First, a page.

To the Older Couple at Chick-fil-A:
I'm not in the habit of speaking poorly of my elders, so I'm actually glad that I didn't have a chance to respond to you. I'm glad that a smile and a nod was all the response you needed. And, I'm so thankful for the lesson you taught my family (even though you didn't mean to).
Today was a typical Saturday with our family. We had a few errands to run (Target, anyone?), a birthday present to buy, and a trip to the library, so we inevitably found ourselves at one of our favorite lunch spots....
You were sitting across from our large family, though I'm afraid I didn't really notice you until you approached us. We were busy cutting up grilled nuggets, opening ketchup, wiping faces, and trying to shove a few bites of salad in between requests for more crackers and fries. You know, lunch with 5 kids!!!
You approached me as you were leaving to tell me what lovely, well-behaved kids we had. Like other times we've had this happen, I immediately beamed at you and thanked you profusely. Who doesn't love to hear about how great her kids are? Then, you continued to tell us about all the times you couldn't even enjoy eating in a restaurant because of the kids running around and climbing all around you. How loud they were. How much they cried. How no one had taught them how to behave in public....
I kept smiling and silently said a prayer of thanksgiving that (for today) those weren't my kids. It could have been. If we had been a little closer to nap time, I'm sure the baby could have started crying. If my 5-year-old hadn't been so busy eating, I'm sure he could have been poking at one of his brothers and then all sorts of chaos could have ensued. We've had those days. We've had times where two kids were crying, one was pouting because he didn't want to eat anything in front of him, another just wanted to go play, and one was determined to climb under the table.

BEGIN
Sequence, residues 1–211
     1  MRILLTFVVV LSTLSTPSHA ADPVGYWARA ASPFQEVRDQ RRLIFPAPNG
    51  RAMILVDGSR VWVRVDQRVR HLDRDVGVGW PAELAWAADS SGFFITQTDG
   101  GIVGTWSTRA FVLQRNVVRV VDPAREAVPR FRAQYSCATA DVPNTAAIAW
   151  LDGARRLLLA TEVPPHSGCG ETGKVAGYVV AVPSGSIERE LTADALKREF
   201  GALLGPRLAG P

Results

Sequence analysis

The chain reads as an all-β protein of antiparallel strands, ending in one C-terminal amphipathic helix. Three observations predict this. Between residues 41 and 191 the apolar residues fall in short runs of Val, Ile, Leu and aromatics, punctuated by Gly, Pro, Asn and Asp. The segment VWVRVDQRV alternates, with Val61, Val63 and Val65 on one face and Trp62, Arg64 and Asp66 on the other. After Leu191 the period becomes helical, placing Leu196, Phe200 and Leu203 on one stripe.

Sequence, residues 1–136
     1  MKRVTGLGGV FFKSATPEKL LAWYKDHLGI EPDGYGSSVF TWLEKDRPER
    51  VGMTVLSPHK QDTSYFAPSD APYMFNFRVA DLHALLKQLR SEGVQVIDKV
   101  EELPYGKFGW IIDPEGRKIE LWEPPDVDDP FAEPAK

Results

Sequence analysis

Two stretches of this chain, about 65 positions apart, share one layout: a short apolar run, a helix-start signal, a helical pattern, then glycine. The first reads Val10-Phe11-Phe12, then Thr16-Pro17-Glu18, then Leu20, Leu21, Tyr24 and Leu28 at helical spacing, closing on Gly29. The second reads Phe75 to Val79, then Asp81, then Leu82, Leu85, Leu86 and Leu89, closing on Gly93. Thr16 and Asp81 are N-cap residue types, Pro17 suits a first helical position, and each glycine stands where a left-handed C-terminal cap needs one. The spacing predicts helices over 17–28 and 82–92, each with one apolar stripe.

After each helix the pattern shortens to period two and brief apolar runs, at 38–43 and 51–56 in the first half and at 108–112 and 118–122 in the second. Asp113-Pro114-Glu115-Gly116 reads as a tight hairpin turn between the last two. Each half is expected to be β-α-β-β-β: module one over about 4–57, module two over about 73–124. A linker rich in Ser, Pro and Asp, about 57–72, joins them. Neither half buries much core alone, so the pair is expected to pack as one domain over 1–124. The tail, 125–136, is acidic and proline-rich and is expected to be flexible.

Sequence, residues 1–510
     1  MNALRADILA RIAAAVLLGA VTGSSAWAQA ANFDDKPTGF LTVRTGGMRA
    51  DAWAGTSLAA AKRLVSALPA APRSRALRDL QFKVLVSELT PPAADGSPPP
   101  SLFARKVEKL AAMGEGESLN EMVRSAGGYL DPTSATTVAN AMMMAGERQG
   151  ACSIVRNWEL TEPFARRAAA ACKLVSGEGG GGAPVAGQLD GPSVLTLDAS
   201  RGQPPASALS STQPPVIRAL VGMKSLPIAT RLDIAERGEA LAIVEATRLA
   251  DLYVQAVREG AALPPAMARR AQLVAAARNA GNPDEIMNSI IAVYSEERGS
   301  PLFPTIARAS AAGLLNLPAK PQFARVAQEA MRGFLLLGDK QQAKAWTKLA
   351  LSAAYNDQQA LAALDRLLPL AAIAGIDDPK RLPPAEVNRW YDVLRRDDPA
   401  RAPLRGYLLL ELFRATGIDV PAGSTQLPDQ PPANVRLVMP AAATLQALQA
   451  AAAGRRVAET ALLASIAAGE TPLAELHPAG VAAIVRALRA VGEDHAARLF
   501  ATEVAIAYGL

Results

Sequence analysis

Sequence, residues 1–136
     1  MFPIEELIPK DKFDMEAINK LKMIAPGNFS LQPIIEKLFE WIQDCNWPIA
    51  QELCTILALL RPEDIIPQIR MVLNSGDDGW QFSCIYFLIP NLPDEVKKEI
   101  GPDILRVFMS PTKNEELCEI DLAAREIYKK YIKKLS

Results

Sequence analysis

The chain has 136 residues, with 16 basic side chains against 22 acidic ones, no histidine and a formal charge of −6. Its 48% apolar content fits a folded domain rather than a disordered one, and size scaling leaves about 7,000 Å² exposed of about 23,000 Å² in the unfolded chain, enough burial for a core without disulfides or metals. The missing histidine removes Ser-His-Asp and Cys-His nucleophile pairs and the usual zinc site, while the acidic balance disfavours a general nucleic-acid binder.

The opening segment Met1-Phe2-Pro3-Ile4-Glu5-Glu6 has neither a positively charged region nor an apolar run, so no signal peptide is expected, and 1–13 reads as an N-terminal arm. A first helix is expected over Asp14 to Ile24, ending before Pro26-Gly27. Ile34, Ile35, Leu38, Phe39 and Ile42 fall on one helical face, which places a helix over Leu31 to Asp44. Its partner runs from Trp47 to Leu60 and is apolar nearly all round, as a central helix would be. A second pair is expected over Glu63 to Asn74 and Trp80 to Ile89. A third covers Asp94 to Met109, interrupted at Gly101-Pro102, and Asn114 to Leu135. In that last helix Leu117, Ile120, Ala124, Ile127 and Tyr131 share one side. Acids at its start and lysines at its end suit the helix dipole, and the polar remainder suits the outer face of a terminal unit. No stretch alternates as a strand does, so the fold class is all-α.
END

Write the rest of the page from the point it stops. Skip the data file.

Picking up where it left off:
You left with one last comment about teaching kids how to behave in public and as you were walking out to your car, my son leaned over and whispered to me:
"Mommy, those people left their trash on the table. It's a mess."
You had asked me how I got them to behave so well and I didn't have an answer for you. We don't have lessons on behaving in a restaurant. We don't lecture and try not to yell. But, we are trying so hard to teach them to have servants' hearts.
We want them to know that while we love them dearly, it doesn't make them any more important or deserving than anyone else.
That means that they're not better than the person taking our order or helping to clean up at the Chick-fil-A.
It means that we hold doors for the people coming out of a building and for those coming in after us.
It means that we help people pick up things when they drop them.
It means that we collect school supplies for those that can't afford them.
It means that we all clean up the toys (even if we weren't the ones that took them out).
It means that we make meals for our neighbors who are sick.
It means we help people financially whenever we can...
And, in this case, it meant that we help clean up after the people who were complaining about others who don't know how to behave in public.
Today, you helped illustrate a very important lesson for my children. What we do in front of our children speaks much louder than the things that we say to them.
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